4. "The Failure of Stiff, Tired Friends" (6:02) smooth and pleasantly atmospheric; parts of this could come from THE CURE or some 1980s (John Hughes) movie soundtrack. I like it. Very much. (8.875/10)

5. "Feet Together, Face Up, on the Front Lawn" (16:36) A heavy start to this one puts them in the realm of Post Rock bands like SLEEPMAKESWAVES and MONO. At the three-minute mark the music shifts radically into a pure CAN mode--even with crazed vocals of the Damo Suzuki kind, but then we quite as drastically and mysteriously shift back to the heavy POST ROCK motif at the end of the fourth minute for a few bars, but then it reverts back into the CAN motif again. Back and forth a couple times before going Post Rock and drawing it out (and down) into a more SWANS-like form and style. Pretty ingenious if derivative. We kind of stay in the Swans and heavy Post Rock realms for the remainder of the song. (26/30)

Total Time 45:55

Quite a disappointment for I had very high expectations for this band after their stunning debut. Still, the album did get better the deeper you get into the album. And, overall, I do like the sound of this band! I am not done with guys yet, yoo doo right! 

86.44 on the Fishscales = B/four stars; a solid album of Nouveau Post Rock that, though not as impressive as one might have hoped for after their delightfully refreshing debut, would still make a nice addition to any prog lover's music collection. 

GRECO BASTIÁN With a Little Hell from All My Friends

A diverse collection of modern Avant Garde/RIO songs from a collaboration of a veritable who's who of RIO, Zeuhl, and Avant Jazz artists under the leadership Mexican Greco Bastián--an artist who was hitherto unknown to me. (Is the album title a reference to the 2006 film of the same title from Suzanne Shepherd? If so, it would explain some of the cinematic moods and themes expressed in Greco's music.)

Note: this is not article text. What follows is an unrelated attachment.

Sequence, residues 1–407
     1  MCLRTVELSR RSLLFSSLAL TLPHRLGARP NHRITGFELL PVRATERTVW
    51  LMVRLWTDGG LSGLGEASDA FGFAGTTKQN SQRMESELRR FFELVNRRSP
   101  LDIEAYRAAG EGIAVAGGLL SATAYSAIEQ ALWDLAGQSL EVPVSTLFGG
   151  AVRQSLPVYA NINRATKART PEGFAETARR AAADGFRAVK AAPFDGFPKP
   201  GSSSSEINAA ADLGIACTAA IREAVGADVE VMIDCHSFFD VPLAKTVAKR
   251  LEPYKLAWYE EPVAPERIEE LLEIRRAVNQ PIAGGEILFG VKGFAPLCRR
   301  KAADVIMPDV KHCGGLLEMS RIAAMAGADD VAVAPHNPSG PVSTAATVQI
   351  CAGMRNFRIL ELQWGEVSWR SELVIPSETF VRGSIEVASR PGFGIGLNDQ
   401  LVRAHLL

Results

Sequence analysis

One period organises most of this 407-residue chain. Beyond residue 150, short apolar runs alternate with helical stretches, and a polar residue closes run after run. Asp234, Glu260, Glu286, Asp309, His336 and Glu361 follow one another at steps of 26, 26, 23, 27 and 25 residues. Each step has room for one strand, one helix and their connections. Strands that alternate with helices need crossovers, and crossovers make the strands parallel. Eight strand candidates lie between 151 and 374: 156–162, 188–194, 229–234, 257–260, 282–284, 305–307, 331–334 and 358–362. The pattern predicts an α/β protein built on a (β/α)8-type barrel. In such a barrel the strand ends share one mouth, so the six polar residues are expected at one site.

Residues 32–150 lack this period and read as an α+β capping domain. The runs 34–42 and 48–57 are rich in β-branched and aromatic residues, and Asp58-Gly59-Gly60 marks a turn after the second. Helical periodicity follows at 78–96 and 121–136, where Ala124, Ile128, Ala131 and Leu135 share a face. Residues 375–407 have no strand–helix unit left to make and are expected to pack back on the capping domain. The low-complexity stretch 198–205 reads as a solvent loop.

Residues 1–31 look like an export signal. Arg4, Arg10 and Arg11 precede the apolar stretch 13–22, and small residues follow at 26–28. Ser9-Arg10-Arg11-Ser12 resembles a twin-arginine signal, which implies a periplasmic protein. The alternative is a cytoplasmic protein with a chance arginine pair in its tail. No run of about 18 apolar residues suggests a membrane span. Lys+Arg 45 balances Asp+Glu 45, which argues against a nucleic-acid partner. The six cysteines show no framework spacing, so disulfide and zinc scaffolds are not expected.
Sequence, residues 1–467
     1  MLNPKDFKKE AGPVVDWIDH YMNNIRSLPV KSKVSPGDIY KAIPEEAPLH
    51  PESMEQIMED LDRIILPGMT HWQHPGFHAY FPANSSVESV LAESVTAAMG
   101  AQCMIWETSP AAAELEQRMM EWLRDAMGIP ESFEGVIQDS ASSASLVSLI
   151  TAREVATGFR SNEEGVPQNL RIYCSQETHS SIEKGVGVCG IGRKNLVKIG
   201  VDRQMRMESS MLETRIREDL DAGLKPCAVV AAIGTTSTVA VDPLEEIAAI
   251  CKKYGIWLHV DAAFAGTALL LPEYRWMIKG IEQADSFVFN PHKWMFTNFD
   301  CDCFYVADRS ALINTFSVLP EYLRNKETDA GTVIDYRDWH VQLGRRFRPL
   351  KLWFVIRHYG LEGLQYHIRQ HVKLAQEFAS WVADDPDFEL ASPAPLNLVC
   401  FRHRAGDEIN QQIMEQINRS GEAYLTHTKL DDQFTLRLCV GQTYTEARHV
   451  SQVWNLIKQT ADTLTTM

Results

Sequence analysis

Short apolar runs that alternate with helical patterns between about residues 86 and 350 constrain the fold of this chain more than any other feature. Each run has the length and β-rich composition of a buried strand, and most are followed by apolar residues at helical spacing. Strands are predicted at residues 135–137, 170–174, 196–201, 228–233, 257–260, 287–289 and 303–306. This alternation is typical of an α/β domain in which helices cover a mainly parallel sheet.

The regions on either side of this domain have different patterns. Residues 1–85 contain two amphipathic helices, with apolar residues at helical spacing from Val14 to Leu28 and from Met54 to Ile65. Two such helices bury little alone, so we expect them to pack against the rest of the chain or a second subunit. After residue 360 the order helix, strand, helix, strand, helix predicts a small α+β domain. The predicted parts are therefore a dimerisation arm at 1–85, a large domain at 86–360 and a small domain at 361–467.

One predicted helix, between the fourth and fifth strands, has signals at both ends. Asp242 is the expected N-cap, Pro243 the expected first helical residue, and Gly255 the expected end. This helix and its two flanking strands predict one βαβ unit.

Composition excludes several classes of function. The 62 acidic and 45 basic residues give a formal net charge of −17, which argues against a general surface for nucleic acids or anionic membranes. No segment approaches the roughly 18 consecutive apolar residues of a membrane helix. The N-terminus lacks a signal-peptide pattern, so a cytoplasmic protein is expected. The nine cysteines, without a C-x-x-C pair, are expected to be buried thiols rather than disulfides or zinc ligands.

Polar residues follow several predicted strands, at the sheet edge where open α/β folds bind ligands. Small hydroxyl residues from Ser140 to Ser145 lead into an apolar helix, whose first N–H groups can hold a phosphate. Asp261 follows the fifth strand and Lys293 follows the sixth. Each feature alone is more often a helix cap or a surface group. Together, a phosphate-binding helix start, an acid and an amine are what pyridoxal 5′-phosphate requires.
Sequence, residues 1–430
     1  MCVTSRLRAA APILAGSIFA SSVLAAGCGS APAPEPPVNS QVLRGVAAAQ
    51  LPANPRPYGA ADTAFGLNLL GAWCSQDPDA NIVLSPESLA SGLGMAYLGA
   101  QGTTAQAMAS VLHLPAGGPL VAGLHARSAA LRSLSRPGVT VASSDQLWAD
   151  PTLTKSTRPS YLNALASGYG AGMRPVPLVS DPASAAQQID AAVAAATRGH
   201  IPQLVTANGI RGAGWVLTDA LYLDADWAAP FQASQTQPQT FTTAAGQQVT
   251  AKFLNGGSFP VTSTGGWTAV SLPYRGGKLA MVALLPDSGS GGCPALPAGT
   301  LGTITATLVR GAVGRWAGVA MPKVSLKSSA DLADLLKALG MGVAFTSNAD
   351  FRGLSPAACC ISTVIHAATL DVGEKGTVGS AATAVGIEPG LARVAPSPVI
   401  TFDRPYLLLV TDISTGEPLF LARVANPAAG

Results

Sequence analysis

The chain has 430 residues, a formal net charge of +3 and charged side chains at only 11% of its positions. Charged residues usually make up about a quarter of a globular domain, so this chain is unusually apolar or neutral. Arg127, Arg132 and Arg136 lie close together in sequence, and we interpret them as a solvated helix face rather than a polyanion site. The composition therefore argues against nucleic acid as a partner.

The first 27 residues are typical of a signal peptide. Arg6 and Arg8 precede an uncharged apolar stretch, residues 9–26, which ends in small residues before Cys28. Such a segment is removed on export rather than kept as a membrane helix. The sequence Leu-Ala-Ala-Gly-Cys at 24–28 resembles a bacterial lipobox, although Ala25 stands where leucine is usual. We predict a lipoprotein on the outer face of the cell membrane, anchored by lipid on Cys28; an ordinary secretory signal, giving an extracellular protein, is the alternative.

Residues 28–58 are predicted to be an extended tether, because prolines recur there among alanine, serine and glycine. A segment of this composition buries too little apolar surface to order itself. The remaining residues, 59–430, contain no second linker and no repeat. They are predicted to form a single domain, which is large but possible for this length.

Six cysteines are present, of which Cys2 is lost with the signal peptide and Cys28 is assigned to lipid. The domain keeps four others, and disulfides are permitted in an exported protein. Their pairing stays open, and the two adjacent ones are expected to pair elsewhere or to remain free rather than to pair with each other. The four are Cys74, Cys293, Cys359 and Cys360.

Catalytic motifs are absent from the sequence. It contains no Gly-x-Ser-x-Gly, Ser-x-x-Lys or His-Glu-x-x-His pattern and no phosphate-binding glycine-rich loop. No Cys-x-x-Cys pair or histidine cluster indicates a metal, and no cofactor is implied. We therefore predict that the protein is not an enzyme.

Line-up / Musicians:
- Tatsuya Yoshida, Japan (Koenjihyakkei, Ruins, Korekyojinn) / drums
- Jean-Luc Plouvier, Belgium (Univers Zero, Maximalist!, Daniel Schell & Karo) / piano
- Ryoko Ono, Japan (Sax Ruins, Plastic Dogs, Ryorchestra) / saxophone
- Pierre Vervloesem, Belgium (X-Legged Sally, Flat Earth Society, Kings of Belgium) / electric guitars
- Matt Lebofsky, USA (Mirthkon, Secret Chiefs 3, Moetar) / basses
- Patrick Shiroishi, Japan (Corima, Upsilon Acrux, Sswan) / saxophone
- Emmett Elvin, UK (Guapo, Knifeworld, Chrome Hoof) / electric guitar, bass
- Vincent Sicot-Vantalon, France (Scherzoo, Unit Wail, Zero Zero Zero) / piano, keyboard effects
- Jon Bafus, USA (Gentleman Surfer, Afternoon Brother, Invasive Species) / drums
- Samo Salamon, Slovenia (Trio, Quartet, Sextet) / electric guitars
- José Luis Velasco, México / electric guitar, bass